Tree changers before the expression was invented, Martin and Pam Brook exchanged life in Melbourne for a farm on the NSW North Coast. Along the way they’ve regenerated remnant rainforest, restored the land and created Australia’s most delicious muesli.

So if it’s not a rude question, what precisely are Martin and Pam Brook, a former film company executive and a dentist, doing owning a macadamia farm? Well, pursuing their passion for good food to start with. And enjoying a more balanced lifestyle. Not to mention doing their bit to save the planet. It all goes back to 1988, when the Melbourne-based Brooks bought a 40ha former dairy farm in the hills behind Byron Bay. A hobby farm, if you like, but one they hoped to turn into a business. The rich volcanic soil, high rainfall and warm sub-tropical climate meant it was ideal for growing macadamias, which are native to the area.

Martin and Pam’s farm, however, was seriously degraded and largely overrun by camphor laurels and lantana. It did have a small pocket of remnant rainforest, though. They’ve spent the best part of the next decade planting and nurturing 4500 macadamia trees and beginning a massive land restoration program that has involved planting more than 30,000 subtropical rainforest and eucalypt trees. In the process, they have created a haven for birds and a habitat for all manner of wildlife, including koalas, echidnas and platypus. And they have built Brookfarm into an internationally recognised and accoladed food producer.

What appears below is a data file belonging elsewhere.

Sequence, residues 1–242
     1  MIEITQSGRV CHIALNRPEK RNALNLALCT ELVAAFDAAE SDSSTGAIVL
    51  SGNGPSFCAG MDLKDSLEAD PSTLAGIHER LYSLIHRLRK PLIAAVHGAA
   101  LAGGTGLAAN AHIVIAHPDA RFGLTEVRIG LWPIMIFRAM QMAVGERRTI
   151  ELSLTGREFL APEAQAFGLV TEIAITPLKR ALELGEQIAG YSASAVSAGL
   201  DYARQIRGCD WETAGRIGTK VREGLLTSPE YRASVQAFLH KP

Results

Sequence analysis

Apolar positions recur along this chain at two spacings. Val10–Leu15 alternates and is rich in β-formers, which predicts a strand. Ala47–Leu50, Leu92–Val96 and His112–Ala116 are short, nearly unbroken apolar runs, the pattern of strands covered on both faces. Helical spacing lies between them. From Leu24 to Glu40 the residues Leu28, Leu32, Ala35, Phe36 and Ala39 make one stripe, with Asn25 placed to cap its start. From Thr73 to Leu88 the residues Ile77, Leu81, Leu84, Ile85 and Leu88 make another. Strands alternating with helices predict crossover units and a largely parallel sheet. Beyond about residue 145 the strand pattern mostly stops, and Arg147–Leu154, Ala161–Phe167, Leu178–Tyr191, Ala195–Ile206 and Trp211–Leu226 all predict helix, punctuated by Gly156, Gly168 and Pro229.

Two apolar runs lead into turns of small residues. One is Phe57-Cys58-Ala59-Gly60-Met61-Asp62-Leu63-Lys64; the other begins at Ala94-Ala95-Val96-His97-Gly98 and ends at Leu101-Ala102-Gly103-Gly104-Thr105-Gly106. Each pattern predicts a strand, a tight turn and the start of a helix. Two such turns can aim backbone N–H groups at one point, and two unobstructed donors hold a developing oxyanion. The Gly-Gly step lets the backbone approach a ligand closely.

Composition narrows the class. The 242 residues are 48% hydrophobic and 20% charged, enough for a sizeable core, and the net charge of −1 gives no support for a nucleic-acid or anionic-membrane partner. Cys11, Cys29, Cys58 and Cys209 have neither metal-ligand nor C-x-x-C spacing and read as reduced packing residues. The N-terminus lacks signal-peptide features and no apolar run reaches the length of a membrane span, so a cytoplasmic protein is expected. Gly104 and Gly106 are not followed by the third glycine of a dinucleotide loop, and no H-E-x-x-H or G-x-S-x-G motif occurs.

“It takes 10 years for a macadamia tree to mature,” Pam explains. “So we always knew developing the orchard was going to be a long-term plan. In the early days we imagined we were going to set the world alight with our macadamia oil mayonnaise. But we just couldn’t achieve the consistency of quality we wanted, so we looked to developing macadamia oils and other macadamia products.”

The decision to move into muesli and macadamia-based trekking mixes was inspired by Pam’s late father, Mick Hull, one of Australia’s pioneers of downhill skiing. Mick skied until he was 84 and at the age of 79 came second in the world over-70s Giant Slalom championships in Austria. Mick loved muesli and never went into the bush without a packet of trail mix, or scroggin as he called it, in his pocket. So the Brookfarm label now boasts a full range of toasted and natural mueslis and the Walkabout range of trekking mixes, all based in the highest-quality nuts, grains, fruit and Belgian chocolate.

Brookfarm now has a state-of-the-art manufacturing facility on the outskirts of Byron Bay and its products are now sold all over Australia and exported to destinations as diverse as the US, UK, Sweden, Germany, Japan, Canada, Hong Kong, India and the Maldives, as well as boasting the breakfast cereal of choice on Qantas flights.

This story was originally published in Australian Country issue 15.1. To subscribe to the magazine, click here.

For more farm-life stories, click here.

Words Kirsty McKenzie
Photography Ken Brass